8.4

Yellowstone Limited Edition Bourbon (2021) Review

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Yellowstone Limited Edition Bourbon (2021) Review

Stephen and Paul Beam’s Limestone Branch Distillery (Lebanon, Kentucky) was founded in 2011, and it’s still one of those younger Kentucky distillers that is working slowly and surely toward the ultimate goal: Producing its own whiskey brands entirely in house. To date, that hasn’t yet happened—the Limestone Branch Distillery juice continues to age away, awaiting its moment in the sun sometime soon, but the distillery remains just as busy as ever via the production of its Yellowstone line of sourced bourbons. Parent company Luxco (itself owned by MGP of Indiana) is of course helpful in that regard, with wide access to all sorts of Kentucky bourbon goodies, which make up the Yellowstone lineup. But the LBD manages to put its own authoritative stamp on one of those brands in particular, in the form of the yearly Limited Edition Bourbon, which typically contains portions finished in a variety of wine casks.

Last year, the 2020 Yellowstone Limited Edition Bourbon featured a 7-year-old whiskey conditioned in Armagnac brandy casks, blended with other Kentucky straight bourbon whiskeys. This year, the area of interest drifts southward to Italy, as the 2021 Yellowstone Limited Edition Bourbon features whiskey finished in Amarone casks.

Amarone is not particularly well known in the U.S., but it’s a prized style of Italian red wine that is produced from partially dried grapes in a handful of varietals. Like ice wine, this extra concentration produces a potent (ABV-wise), concentrated wine that is rich with fermentable sugars, while featuring flavors that tend to take on a darker, dried fruit dimension. One would likely expect these flavors to carry over into bourbon aged in an Amarone cask, but you can never say for sure.

This particular 2021 Limited Edition release seems to be made from whiskey in two age ranges: 7-year-old bourbon finished for an undetailed amount of time in Amarone casks, and 15-year-old Kentucky bourbon. The batch was blended and bottled at 50.5% ABV (101 proof), with roughly 22,500 bottles in the batch, a 50% increase in production over 2020. It carries an MSRP of $99, although I have to note that the words “limited edition” appear in very small and subtle print on this bottle, which makes me wonder whether many consumers might simply misinterpret what it is.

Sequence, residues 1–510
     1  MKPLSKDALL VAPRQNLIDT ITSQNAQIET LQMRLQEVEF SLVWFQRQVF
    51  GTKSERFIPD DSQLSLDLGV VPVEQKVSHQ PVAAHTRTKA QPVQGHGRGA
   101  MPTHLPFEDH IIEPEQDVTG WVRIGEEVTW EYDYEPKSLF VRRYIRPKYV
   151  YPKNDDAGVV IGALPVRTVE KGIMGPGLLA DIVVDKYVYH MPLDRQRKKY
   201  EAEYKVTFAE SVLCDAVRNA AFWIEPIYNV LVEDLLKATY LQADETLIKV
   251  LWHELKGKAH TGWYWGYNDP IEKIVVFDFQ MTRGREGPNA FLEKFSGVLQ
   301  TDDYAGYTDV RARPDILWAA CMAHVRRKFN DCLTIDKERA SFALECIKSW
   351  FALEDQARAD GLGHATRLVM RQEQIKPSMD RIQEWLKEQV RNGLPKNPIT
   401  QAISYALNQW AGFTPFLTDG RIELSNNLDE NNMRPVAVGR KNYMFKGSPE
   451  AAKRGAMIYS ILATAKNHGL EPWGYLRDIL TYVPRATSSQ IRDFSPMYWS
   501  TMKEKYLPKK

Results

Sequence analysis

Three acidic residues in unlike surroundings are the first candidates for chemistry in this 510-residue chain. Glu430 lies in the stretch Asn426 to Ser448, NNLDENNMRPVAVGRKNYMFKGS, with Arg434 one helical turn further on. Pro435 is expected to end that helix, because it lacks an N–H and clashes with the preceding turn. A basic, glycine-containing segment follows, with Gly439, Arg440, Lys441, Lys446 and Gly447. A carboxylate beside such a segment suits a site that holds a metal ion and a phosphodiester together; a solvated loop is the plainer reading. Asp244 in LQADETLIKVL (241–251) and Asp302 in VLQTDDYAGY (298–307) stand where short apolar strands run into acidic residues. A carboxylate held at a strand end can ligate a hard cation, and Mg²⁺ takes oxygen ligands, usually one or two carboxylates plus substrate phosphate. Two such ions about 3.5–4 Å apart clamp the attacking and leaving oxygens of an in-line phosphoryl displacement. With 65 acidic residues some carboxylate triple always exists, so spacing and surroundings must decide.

Regardless, let’s get to tasting and see how they did on this year’s LE.

On the nose, this one is quite pleasantly fruity, striking a nice balance between bright red fruit (raspberry) and darker, more vinous notes. The brightness lifts it, while the more brambly, jammy notes add some underlying mystique. The fruit notes are paired with hints of musty, older oak and some nuttiness/nut butter, evoking roasted pecans or almond with toffee. There’s a bit of maple, a bit of cocoa, and a suggestion of enticing richness.

On the palate, I like this more and more, with each sip I take of it. There’s again a lot of red fruit, with both those brighter top notes and darker, jammier, more concentrated notes, but there’s also some pleasant citrus as well. I’m getting bits of toffee, vanilla, and a good hit of spicy ginger on the palate, which made this one read as a bit hot for the 101 proof on the initial sips, but that suggestion of ethanol/spice heat is tamed over time. Ultimately, it reads as pretty well-structured heat. Sweetness, meanwhile, is moderate and dialed in to a nice level, while a kiss of mature oak rounds things out.

All in all, this is a nicely composed dram—one that features some flavors likely derived from the Amarone casks, but none so overt that they overshadow the base bourbon. By “limited edition” bourbon release standards, the MSRP isn’t even too prohibitive. It’s one to keep an eye out for.

Distillery: Limestone Branch Distillery (Luxco)
City: Lebanon, KY
Style: Blend of Kentucky bourbons
ABV: 50.5% (101 proof)
Availability: 750 ml bottles, $100 MSRP


Jim Vorel is a Paste staff writer and resident liquor geek. You can follow him on Twitter for more drink writing.